The Making and Breaking of a Black Middle ClassSharon M. Collins
Against the backdrop of increasing ambivalence in the federal government commitment to race-based employment policies, this book reveals how African-Americans first broke into professional and managerial jobs in corporations during the sixties and offers in-depth profiles of their subsequent career experiences.
Two sets of interviews with the most successful Black executives in Chicago's major corporations are used to demonstrate how the creation of the Black business elite is connected to federal government pressures and black social unrest that characterized the civil Rights movement in the sixties.
Black Corporate Executives presents, first hand, the dilemmas and contradictions that face this first wave of Black managers and reveals a subtle new employment discrimination. Corporations hired these executives in response to race-conscious political pressures and shifted them into "racialized" positions directing affirmative action programs or serving "special" markets of minority clients, customers, or urban affairs. Many executives became, as one man said, "the head Black in charge of Black people." These positions gave upper-middle-class lifestyles to those who held them but also siphoned these executives out of mainstream paths to corporate power typically leading through planning and production areas. As the political climate has become more conservative and the economy undergoes restructuring, these Black executives believe that the importance of recruiting Blacks has waned and that the jobs Blacks hold are vulnerable.
Collins-Lowry's analysis challenges arguments that justify dismantling affirmative action. She argues that it is a myth to believe that Black occupational attainments are evidence that race no longer matters in the middle-class employment arena. On the contrary, Blacks' progress and well-being are tied to politics and employment practices that are sensitive to race.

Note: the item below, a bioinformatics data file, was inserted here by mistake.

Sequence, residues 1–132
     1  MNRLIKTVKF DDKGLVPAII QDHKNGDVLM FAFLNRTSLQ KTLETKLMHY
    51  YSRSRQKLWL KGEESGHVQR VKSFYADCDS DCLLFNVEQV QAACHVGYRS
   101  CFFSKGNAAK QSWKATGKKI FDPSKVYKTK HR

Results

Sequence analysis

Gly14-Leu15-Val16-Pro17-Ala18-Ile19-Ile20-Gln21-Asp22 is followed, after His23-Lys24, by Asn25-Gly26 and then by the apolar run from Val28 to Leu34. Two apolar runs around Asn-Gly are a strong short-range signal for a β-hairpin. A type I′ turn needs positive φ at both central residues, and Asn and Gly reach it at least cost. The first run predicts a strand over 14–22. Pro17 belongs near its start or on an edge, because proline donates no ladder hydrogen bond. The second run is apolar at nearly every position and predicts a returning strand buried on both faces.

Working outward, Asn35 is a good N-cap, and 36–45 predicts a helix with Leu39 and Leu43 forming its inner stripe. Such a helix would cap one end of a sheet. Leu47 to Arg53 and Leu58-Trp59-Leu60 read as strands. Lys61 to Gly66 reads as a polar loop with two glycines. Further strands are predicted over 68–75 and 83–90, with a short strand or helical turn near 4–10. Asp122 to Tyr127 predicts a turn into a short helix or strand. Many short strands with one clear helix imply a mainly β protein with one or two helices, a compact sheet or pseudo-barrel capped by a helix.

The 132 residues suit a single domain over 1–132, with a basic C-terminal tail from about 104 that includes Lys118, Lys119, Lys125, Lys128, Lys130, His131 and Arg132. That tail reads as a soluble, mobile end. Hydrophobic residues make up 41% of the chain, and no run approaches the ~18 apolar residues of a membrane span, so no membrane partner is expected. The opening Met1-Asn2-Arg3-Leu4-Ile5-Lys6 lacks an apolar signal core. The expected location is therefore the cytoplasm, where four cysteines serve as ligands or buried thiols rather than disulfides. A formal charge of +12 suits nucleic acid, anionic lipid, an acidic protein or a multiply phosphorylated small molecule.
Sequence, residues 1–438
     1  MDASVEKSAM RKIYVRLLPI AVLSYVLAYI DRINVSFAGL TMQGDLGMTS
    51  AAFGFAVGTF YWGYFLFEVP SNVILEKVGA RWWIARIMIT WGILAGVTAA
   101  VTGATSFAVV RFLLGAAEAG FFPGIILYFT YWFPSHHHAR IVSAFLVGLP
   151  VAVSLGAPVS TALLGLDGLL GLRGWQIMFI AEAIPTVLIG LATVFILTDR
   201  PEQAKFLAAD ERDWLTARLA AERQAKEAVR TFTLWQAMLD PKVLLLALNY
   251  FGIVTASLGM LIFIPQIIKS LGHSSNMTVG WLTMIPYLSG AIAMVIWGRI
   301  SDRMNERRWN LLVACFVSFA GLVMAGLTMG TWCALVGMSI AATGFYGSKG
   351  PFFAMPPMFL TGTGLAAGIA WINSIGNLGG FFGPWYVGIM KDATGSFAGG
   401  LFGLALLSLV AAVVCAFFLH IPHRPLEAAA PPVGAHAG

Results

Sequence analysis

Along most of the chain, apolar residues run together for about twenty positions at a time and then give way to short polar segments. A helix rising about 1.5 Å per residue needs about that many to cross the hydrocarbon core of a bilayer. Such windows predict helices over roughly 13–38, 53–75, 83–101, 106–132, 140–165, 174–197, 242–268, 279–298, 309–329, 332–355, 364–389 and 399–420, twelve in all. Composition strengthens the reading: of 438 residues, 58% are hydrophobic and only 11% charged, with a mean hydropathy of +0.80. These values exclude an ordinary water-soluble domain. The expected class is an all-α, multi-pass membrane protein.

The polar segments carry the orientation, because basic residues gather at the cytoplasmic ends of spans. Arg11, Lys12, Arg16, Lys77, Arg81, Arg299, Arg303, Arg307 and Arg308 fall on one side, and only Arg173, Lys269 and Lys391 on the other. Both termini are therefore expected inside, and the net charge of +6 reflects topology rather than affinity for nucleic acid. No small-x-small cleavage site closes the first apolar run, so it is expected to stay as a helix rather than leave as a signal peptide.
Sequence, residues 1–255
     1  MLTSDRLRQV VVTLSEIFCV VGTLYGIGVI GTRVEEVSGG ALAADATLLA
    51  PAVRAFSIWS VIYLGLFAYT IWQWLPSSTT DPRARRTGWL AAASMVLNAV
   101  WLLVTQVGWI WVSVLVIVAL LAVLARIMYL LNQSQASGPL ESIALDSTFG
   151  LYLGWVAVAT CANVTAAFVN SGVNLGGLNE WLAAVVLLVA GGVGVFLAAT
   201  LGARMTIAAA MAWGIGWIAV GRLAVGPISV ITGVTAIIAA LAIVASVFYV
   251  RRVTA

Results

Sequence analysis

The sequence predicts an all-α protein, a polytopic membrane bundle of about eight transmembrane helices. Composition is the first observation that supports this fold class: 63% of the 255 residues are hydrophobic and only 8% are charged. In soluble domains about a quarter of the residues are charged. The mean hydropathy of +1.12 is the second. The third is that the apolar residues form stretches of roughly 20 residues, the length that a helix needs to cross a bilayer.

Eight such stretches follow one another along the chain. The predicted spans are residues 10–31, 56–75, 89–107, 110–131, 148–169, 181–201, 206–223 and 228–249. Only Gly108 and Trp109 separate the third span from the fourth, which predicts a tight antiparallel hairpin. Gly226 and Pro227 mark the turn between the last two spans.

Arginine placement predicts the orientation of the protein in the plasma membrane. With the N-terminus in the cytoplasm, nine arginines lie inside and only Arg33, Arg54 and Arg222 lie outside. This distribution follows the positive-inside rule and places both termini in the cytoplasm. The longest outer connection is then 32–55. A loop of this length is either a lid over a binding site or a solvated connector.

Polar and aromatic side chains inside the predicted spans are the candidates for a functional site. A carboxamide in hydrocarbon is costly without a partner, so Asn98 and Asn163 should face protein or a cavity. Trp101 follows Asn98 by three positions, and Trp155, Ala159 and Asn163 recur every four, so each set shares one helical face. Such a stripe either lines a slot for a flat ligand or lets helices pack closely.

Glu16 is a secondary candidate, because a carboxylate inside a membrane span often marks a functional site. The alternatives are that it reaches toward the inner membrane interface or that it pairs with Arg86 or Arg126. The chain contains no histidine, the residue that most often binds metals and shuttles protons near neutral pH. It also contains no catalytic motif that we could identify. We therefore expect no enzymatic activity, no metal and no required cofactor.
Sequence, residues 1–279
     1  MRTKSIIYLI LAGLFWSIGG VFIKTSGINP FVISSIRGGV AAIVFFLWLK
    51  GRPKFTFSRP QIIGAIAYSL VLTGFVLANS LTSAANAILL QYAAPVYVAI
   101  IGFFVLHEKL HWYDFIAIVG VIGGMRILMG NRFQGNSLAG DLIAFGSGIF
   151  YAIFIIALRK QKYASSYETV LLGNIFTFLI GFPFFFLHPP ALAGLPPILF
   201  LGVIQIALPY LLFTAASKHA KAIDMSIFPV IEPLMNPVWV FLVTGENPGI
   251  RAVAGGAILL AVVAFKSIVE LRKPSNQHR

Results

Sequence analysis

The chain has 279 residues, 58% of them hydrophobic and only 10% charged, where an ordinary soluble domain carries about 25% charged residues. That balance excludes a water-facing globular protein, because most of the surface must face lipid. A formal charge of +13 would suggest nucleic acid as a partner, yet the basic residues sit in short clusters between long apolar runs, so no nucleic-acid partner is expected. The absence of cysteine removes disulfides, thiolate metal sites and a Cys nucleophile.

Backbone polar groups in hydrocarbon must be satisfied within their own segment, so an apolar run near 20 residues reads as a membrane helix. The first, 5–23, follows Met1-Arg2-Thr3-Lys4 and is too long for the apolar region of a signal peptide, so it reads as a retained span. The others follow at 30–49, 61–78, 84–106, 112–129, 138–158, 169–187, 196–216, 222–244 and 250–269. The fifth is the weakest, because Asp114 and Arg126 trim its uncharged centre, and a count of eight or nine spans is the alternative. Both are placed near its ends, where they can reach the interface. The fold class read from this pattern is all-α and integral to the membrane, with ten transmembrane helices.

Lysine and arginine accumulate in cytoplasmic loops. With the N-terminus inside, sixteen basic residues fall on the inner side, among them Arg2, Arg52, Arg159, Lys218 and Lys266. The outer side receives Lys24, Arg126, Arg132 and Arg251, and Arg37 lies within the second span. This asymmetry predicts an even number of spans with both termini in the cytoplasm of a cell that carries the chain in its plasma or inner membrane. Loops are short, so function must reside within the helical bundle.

"Collins-Lowry gives persuasive examples of how employment gains made by Blacks in the 80's were rather more marginalized than we like to think." —Publishers Weekly
"For a revealing history of how African Americans broke into a professional and managerial corporate jobs during the 19960s, one need go no further than the book Black Corporate Executives.... A largely academic work, Collins' book explores the foundation of affirmative action and equal opportunity programs, which provided avenues through which blacks could succeed." —Black Enterprise
"Black Corporate Executives is very well written in a style that makes it easily accessible to the educated public. Because it is grounded in carefully collected data that is skillfully analyzed, the study is also important to the sociological community. It makes a solid contribution the literature and should be a welcome addition to a wide variety of academic curses in business and in the social sciences." —The American Journal of Sociology
"...add(s) significantly to the literature on race and economics. More importantly, (this book is) a window into the diversity of ways in which black Americans carve out a degree of economic stability." —Contemporary Sociology